Majority in France against immigration

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The Local France/AFP - [email protected]
Majority in France against immigration
Migrants at an aid centre outside the Calais 'Jungle' camp. Photo: AFP

Fifty-seven percent of French people believe that there are "too many immigrants" in France, according to a new survey published on Monday which showed France as having one of the most negative views of migrants worldwide.


Six out of ten people in France believe immigration has had a "negative impact", said the Ipsos polling institute. This figure was similar in Belgium which, like France, has seen terrorist attacks in recent months. 

Just 11 percent of French people felt that immigration had an overall positive impact; the average figure over the 22 countries surveyed was 20 percent, ranging from six percent in Turkey to 36 percent in Canada.

More than half of French people (54 percent) said immigration was "causing their country to change in ways they don't like," a figure which again was higher than the global average of 46 percent.

Yves Bardon, an Ipsos director in France, said that the media bombardment of images of migrants and refugees arriving on Europe's shores "have heightened the fear of uncontrollable migration throughout most of Europe, with the key issue being their ability to integrate".

Indeed, 63 percent of those surveyed in France said most refugees "won't be able to integrate" which 60 percent were concerned about the effect of immigration on public services.

Bardon also explained: "In countries affected by high unemployment, like France, Spain and Italy, we can hypothesize that the respondents feel threatened by immigrants who are capable of taking jobs which don't require qualifications."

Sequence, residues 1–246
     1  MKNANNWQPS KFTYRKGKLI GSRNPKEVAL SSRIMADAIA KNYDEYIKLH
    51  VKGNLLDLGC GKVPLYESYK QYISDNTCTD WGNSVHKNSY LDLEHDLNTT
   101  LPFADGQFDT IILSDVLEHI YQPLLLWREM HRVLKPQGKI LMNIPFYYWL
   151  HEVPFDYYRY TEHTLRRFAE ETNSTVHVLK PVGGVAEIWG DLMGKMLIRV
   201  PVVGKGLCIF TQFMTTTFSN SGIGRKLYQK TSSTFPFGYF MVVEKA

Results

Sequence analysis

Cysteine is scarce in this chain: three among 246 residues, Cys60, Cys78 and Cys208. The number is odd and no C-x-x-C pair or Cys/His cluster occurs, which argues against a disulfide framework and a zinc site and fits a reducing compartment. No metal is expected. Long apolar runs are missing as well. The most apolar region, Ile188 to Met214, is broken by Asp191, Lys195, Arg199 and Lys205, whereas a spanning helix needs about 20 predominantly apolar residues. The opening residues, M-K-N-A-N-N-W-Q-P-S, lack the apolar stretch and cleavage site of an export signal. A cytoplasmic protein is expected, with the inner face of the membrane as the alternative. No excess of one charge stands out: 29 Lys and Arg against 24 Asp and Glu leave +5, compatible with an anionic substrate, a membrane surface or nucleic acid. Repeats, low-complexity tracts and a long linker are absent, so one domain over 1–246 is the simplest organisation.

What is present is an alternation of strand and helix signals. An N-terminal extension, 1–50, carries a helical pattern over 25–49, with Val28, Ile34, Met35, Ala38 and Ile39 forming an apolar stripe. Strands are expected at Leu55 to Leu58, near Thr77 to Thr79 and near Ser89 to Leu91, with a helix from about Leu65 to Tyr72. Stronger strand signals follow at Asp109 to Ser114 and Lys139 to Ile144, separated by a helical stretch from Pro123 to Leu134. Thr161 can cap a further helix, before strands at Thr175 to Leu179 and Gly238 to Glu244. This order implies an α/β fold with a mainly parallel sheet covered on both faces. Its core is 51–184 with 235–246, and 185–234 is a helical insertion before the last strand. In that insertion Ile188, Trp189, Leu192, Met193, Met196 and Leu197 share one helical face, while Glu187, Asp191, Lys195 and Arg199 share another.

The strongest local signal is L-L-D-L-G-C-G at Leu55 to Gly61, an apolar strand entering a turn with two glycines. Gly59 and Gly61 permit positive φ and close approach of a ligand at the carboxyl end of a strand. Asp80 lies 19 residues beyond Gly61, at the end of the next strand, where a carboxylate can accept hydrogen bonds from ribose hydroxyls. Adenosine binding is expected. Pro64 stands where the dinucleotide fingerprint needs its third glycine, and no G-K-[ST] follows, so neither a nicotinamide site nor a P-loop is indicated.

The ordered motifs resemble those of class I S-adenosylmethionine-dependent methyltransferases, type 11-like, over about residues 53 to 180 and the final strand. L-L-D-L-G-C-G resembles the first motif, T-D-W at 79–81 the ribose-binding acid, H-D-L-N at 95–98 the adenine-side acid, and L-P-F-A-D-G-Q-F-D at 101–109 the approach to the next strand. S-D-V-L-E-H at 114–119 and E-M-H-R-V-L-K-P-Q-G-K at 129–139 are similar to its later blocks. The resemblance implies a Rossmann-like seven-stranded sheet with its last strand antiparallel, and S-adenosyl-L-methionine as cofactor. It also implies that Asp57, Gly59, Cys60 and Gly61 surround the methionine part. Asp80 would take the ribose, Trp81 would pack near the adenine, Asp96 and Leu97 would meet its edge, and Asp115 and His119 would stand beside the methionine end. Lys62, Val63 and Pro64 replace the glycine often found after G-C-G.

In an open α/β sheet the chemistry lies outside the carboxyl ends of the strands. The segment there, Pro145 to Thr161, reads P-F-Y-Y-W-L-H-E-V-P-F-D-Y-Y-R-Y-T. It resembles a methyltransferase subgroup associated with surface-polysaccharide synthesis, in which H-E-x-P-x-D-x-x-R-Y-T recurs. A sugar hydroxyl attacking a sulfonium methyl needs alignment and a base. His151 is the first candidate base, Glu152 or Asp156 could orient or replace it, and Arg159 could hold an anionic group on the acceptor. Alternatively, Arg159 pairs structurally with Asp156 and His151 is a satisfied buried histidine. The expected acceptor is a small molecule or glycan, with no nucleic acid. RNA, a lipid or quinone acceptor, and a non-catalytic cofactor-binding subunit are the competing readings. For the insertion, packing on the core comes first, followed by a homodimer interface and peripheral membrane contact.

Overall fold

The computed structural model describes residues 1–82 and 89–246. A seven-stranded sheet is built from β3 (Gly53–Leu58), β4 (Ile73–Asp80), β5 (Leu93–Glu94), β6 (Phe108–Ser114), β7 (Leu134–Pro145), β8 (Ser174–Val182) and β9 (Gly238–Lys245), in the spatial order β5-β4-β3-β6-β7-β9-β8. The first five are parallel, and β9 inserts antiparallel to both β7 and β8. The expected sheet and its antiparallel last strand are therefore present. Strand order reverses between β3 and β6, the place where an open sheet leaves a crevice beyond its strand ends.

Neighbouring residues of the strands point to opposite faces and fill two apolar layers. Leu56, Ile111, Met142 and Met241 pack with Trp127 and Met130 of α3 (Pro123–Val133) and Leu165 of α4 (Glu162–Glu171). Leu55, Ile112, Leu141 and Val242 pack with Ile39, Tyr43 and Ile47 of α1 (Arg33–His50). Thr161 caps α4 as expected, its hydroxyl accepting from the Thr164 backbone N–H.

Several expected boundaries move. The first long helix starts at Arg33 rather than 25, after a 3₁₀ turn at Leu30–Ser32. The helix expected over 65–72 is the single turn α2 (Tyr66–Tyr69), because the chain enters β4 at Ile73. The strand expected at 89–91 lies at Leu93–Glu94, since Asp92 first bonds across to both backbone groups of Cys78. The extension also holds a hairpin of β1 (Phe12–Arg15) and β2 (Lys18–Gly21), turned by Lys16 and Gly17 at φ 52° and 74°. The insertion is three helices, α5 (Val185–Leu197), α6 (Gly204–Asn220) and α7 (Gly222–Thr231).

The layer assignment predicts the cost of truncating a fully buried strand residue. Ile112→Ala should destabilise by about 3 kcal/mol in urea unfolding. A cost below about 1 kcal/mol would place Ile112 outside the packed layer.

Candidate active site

"This study shows the fears and trends which we can anticipate in the coming debates and campaigns for the 2017 presidential elections," Bardon said.

The survey showed that across the world, most people are becoming increasingly uncomfortable with immigration levels which are higher than any time since the Second World War. In addition to France, countries which were particularly concerned by immigration figures were Italy, where 67 percent felt there were 'too many immigrants", Turkey (85 percent), and Spain (40 percent). On average, 49 percent of those surveyed worldwide agreed with this statement.

The Japanese were least likely to say there are too many immigrants in their country (only 12 percent), while the Brazilians were least likely to voice discomfort at how immigration is changing their country (23 percent), according to the study.

As well as fears about the consequences of mass immigration, the survey also revealed doubts as to the authenticity of those seeking asylum. More than half of French respondents - 54 percent - said that many of those claiming to be refugees were not really.

Sixty-seven percent of French people were concerned about terrorists pretending to be refugees, while 45 percent called for their nation's borders to be closed entirely. These figures were slightly above the global averages, at 60 percent and 40 percent respectively.

The surveyors also pointed to a rise in the number of British people who think that immigration has been good for the country, standing at 35 percent, sharply up on the 19 percent recorded in 2011. And while almost half of the British surveyed felt there were too many immigrants in the country, this level was down from 71 percent five years ago.

"Britain has in fact become more positive about many aspects of immigration. This might seem surprising given that the desire to reduce immigration was undoubtedly a key reason for the Brexit vote," Ipsos spokesman Bobby Duffy said.

Duffy added however that the referendum decision to leave the EU "has polarized opinion" in Britain.

The study was carried out in Argentina, Australia, Belgium, Brazil, Canada, France, Britain, Germany, Hungary, India, Italy, Japan, Mexico, Poland, Russia, Saudi Arabia, South Africa, South Korea Spain, Sweden, Turkey and the United States from June 24th-July 8th, with a total of 16,040 people questioned.


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